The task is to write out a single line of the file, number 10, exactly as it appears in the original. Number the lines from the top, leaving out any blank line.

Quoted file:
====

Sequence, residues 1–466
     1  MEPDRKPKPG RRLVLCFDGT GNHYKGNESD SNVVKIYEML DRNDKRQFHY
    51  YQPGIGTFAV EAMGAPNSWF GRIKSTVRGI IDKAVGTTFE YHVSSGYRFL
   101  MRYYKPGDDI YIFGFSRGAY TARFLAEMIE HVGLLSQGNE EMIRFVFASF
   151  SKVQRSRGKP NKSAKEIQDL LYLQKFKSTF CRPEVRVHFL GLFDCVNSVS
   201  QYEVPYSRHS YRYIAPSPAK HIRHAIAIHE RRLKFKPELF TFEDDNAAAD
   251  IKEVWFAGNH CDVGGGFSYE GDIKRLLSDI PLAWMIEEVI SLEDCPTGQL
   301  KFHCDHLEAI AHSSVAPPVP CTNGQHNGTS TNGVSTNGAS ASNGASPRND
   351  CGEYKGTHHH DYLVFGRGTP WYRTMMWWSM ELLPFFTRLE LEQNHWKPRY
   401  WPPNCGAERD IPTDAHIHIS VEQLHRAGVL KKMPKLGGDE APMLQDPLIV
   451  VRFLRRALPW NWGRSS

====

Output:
   401  WPPNCGAERD IPTDAHIHIS VEQLHRAGVL KKMPKLGGDE APMLQDPLIV